• Short interlocked linkages [DLOS02, DLOS03]. We study collections of linkages in 3-space that are interlocked in the sense that the linkages cannot be separated without one bar crossing through another. We explore pairs of linkages, one open chain and one closed chain, each with a small number of joints, and determine which can be interlocked. In particular, we show that a triangle and an open 4-chain can interlock, a quadrilateral and an open 3-chain can interlock, but a triangle and an open 3-chain cannot interlock. We also consider pairs of open chains of bars connected with rigid joints, revolute joints, or universal joints, and explore the smallest number of chains and bars needed to achieve interlock.
  • Map folding [ABD+04]. We explore the following formulation of the map-folding problem: given a collection of creases on a piece of paper, each assigned a folding direction of mountain or valley, is there a flat folding by a sequence of simple folds? There are several models of simple folds; the simplest one-layer simple fold rotates a portion of paper about a crease in the paper by ±180°. We first consider the analogous questions in one dimension lower—bending a segment into a flat object—which lead to interesting problems on strings. We develop efficient algorithms for the recognition of simply foldable 1D crease patterns, and reconstruction of a sequence of simple folds. Indeed, we prove that a 1D crease pattern is flat-foldable by any means precisely if it is by a sequence of one-layer simple folds.

In addition to the several folding problems that remain unsolved, Erik Demaine and Joseph O'Rourke (Smith College) are publishing a book, Geometric Folding Algorithms: Linkages, Origami, Polyhedra with Cambridge University Press, in May–June 2007.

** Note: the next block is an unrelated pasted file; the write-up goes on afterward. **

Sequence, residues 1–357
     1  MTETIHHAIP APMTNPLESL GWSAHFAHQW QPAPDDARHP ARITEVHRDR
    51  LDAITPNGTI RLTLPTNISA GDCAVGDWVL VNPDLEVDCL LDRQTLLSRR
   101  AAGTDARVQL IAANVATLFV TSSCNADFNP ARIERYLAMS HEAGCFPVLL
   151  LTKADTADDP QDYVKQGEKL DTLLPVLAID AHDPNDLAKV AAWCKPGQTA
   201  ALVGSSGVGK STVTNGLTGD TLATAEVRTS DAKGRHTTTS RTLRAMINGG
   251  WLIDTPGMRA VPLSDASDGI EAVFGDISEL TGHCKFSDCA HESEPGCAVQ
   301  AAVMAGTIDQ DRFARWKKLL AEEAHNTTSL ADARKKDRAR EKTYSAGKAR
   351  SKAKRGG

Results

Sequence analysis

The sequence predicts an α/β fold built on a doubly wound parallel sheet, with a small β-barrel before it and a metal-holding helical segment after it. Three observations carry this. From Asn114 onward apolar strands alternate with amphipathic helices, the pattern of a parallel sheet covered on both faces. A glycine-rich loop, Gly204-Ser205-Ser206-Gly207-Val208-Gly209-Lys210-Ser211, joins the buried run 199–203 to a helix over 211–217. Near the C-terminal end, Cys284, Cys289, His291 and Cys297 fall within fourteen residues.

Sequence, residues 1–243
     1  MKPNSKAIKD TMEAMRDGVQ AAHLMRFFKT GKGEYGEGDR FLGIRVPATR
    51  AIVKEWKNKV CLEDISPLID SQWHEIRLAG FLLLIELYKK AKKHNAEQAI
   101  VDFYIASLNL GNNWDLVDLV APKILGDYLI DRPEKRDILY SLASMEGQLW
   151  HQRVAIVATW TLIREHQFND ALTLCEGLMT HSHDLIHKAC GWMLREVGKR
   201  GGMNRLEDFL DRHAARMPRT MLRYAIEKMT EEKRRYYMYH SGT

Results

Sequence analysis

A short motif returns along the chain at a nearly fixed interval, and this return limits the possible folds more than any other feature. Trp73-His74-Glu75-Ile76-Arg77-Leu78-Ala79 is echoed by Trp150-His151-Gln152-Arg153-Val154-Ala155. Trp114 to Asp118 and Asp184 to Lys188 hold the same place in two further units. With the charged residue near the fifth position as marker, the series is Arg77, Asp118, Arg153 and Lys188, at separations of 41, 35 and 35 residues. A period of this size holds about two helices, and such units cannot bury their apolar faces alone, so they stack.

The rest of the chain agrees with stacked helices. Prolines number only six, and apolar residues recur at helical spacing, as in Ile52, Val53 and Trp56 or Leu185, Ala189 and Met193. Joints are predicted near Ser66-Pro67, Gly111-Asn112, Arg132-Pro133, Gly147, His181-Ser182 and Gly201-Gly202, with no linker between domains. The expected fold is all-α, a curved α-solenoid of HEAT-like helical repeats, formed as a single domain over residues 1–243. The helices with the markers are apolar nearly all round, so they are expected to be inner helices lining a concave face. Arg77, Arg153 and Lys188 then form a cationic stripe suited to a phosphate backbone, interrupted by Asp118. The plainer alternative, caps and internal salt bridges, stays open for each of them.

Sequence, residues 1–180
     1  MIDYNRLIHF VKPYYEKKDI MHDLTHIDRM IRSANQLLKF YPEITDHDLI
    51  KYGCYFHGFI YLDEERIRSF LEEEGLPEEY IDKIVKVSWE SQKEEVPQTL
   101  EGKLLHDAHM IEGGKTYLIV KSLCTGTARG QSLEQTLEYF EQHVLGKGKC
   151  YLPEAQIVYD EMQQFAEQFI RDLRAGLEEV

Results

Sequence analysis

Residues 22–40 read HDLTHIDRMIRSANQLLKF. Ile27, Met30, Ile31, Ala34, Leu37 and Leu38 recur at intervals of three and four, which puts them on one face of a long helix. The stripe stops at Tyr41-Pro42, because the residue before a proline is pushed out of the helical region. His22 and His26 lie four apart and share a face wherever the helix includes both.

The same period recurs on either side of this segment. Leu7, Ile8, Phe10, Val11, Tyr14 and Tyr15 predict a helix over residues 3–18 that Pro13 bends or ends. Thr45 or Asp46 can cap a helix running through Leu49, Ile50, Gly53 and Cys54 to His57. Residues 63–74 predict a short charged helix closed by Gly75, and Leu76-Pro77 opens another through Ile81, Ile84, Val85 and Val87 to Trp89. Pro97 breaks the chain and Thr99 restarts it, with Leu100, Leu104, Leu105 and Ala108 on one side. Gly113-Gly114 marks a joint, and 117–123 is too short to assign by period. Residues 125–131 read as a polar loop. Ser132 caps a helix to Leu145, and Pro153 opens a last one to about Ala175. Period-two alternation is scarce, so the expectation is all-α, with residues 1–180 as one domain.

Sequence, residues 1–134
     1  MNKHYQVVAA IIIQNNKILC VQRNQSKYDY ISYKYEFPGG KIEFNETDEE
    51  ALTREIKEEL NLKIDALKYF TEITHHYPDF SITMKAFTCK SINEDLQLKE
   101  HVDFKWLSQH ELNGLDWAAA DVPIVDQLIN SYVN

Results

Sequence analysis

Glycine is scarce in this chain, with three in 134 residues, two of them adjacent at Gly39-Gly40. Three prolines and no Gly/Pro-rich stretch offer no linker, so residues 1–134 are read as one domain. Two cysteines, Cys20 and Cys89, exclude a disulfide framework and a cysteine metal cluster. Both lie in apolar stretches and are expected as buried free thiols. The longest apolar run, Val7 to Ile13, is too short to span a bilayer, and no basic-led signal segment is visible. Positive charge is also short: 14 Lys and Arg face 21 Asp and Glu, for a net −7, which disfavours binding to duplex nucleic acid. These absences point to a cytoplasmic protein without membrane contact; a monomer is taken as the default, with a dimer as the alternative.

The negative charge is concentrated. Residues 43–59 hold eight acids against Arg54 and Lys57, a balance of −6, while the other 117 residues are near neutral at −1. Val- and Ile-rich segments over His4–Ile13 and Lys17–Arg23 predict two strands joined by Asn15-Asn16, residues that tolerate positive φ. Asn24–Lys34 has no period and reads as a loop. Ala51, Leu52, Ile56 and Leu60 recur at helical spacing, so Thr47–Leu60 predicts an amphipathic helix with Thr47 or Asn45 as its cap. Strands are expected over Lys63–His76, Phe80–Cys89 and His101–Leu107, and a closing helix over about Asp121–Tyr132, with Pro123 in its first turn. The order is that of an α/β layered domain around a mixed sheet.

Research Support

This research is partially supported by NSF CAREER award CCF-0347776 and DOE grant DE-FG02-04ER25647.

Greg Aloupis, Erik D. Demaine, Vida Dujmović, Jeff Erickson, Stefan Langerman, Henk Meijer, Ileana Streinu, Joseph O'Rourke, Mark Overmars, Michael Soss, and Godfried T. Toussaint. Flat-state connectivity of linkages under dihedral motions. In Proceedings of the 13th Annual International Symposium on Algorithms and Computation, pp. 369–380, Vancouver, Canada, November 2002.
Greg Aloupis, Erik D. Demaine, Henk Meijer, Joseph O'Rourke, Ileana Streinu, and Godfried Toussaint. Flat-state connectedness of fixed-angle chains: Special acute chains. In Proceedings of the 14th Canadian Conference on Computational Geometry, pp. 27–30, Lethbridge, Canada, August 2002.
Esther M. Arkin, Michael A. Bender, Erik D. Demaine, Martin L. Demaine, Joseph S. B. Mitchell, Saurabh Sethia, and Steven S. Skiena. When can you fold a map? Computational Geometry: Theory and Applications 29(1):23–46, September 2004.
Nadia Benbernou. Fixed-angle polygonal chains: Locked chains and the maximum span. Undergraduate thesis, Smith College, 2006.
Nadia Benbernou and Joseph O'Rourke. On the maximum span of fixed-angle chains. Computational Geometry: Theory and Applications, to appear.
Therese Biedl, Erik Demaine, Martin Demaine, Sylvain Lazard, Anna Lubiw, Joseph O'Rourke, Steve Robbins, Ileana Streinu, Godfried Toussaint, and Sue Whitesides. A note on reconfiguring tree linkages: Trees can lock. Discrete Applied Mathematics, 117(1–3):293–297, 2002.
Jason H. Cantarella, Erik D. Demaine, Hayley N. Iben, and James F. O'Brien. An energy-driven approach to linkage unfolding. In Proceedings of the 20th Annual ACM Symposium on Computational Geometry, pp. 134–143, Brooklyn, New York, June 2004.
Robert Connelly, Erik D. Demaine, and Günter Rote. "Infinitesimally locked self-touching linkages with applications to locked trees. In J. Calvo, K. Millett, and E. Rawdon, editors, Physical Knots: Knotting, Linking, and Folding of Geometric Objects in 3-space, pp. 287–311. American Mathematical Society, 2002.
Robert Connelly, Erik D. Demaine, and Günter Rote. Straightening polygonal arcs and convexifying polygonal cycles. Discrete & Computational Geometry, 30(2):205–239, September 2003.
Erik D. Demaine, Stefan Langerman, and Joseph O'Rourke. Geometric restrictions on producible polygonal protein chains. Algorithmica 44(2):167–181, February 2006.
Erik D. Demaine, Stefan Langerman, Joseph O'Rourke, and Jack Snoeyink. Interlocked open linkages with few joints. In Proceedings of the 18th Annual ACM Symposium on Computational Geometry, pp. 189–198, Barcelona, Spain, June 2002.
Erik D. Demaine, Stefan Langerman, Joseph O'Rourke, and Jack Snoeyink. Interlocked open and closed linkages with few joints. Computational Geometry: Theory and Applications, 26(1):37–45, August 2003.
Michael Soss. Geometric and computational aspects of molecular reconfiguration. Ph.D. thesis, School Comput. Sci., McGill Univ., 2001.